The Impressive Effects of Tutoring on PreK-12 Learning: A Systematic Review and Meta-Analysis of the Experimental Evidence
Tutoring—defined here as one-on-one or small-group instructional programming by teachers, paraprofessionals, volunteers, or parents—is one of the most versatile and potentially transformative educational tools in use today. Within the past decade, dozens of preK-12 tutoring experiments have been conducted, varying widely in their approach, context, and cost. Our study represents the first systematic review and meta-analysis of these and earlier studies. We develop a framework for considering different types of programs to not only examine overall effects, but also explore how these effects vary by program characteristics and intervention context. We find that tutoring programs yield consistent and substantial positive impacts on learning outcomes, with an overall pooled effect size estimate of 0.37 SD. Effects are stronger, on average, for teacher and paraprofessional tutoring programs than for nonprofessional and parent tutoring. Effects also tend to be strongest among the earlier grades. While overall effects for reading and math interventions are similar, reading tutoring tends to yield higher effect sizes in earlier grades, while math tutoring tends to yield higher effect sizes in later grades. Tutoring programs conducted during school tend to have larger impacts than those conducted after school.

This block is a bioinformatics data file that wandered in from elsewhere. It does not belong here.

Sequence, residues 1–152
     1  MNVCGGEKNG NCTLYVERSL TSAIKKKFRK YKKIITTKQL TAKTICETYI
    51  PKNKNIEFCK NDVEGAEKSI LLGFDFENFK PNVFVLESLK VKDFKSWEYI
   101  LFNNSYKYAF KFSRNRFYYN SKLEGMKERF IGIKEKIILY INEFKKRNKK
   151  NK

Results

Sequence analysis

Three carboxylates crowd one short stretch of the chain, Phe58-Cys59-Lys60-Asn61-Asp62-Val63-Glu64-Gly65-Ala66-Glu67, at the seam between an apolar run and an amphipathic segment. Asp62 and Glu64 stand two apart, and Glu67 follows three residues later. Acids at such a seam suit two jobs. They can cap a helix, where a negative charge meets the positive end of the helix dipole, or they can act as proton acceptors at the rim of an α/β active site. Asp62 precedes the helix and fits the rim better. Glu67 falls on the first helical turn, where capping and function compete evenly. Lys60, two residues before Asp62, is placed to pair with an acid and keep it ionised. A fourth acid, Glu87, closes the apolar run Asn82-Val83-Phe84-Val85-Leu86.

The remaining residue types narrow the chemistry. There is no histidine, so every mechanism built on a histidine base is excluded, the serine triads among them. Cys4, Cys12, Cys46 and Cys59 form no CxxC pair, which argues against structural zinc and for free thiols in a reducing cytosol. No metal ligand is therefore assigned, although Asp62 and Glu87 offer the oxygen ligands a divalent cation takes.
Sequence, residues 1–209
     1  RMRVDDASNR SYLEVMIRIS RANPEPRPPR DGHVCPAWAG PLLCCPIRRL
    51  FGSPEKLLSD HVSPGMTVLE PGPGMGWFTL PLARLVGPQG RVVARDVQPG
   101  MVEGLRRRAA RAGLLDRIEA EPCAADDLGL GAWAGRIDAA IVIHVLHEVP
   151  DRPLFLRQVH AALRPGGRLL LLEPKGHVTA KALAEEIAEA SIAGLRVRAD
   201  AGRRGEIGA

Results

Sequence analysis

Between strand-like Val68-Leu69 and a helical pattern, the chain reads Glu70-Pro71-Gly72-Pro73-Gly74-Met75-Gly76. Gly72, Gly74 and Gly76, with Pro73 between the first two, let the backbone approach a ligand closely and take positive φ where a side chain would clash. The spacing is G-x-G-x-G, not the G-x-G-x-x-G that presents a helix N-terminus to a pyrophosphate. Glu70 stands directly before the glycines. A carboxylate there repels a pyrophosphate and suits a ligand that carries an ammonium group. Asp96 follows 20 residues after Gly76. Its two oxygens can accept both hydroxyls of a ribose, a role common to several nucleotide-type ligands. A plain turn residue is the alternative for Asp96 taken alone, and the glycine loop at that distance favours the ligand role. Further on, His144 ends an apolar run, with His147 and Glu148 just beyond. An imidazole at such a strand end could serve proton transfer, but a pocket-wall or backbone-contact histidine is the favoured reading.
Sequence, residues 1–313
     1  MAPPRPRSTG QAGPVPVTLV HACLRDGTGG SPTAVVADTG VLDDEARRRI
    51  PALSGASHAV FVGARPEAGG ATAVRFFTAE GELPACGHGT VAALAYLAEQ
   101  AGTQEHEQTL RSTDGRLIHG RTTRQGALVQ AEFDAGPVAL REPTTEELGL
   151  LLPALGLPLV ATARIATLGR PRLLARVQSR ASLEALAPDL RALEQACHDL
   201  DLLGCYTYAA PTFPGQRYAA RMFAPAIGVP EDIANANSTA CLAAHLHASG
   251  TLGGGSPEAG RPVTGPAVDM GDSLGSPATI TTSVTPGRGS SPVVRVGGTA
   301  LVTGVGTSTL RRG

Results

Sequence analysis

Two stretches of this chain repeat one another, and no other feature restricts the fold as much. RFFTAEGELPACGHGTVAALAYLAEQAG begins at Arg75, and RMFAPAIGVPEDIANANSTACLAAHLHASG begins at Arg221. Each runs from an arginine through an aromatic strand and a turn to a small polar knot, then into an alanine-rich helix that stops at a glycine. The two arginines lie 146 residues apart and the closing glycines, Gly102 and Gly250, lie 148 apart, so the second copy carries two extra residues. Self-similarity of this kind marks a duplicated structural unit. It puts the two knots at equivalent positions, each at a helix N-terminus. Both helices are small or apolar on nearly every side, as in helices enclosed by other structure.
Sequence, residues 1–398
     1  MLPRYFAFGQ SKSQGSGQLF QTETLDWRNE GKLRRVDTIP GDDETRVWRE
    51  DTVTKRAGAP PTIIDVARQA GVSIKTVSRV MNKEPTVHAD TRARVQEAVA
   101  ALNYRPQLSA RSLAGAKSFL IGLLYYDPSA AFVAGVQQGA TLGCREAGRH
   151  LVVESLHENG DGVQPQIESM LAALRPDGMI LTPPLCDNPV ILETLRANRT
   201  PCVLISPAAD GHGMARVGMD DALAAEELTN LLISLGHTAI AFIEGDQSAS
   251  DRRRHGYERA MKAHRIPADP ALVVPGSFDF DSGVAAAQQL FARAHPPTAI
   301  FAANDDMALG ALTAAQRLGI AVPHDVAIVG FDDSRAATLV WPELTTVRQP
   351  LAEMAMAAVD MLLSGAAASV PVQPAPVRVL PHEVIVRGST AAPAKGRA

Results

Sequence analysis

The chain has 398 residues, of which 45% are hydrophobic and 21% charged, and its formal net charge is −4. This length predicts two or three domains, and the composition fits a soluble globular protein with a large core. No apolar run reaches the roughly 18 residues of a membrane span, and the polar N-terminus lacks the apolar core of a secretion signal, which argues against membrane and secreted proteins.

We would like to thank Kimberly Dadisman for her invaluable work in moving the project forward, Bradley Clark for his excellent research assistance, and Jonathan Guryan for his insightful comments during early discussions on this paper. All errors are our own. The views expressed herein are those of the authors and do not necessarily reflect the views of the National Bureau of Economic Research.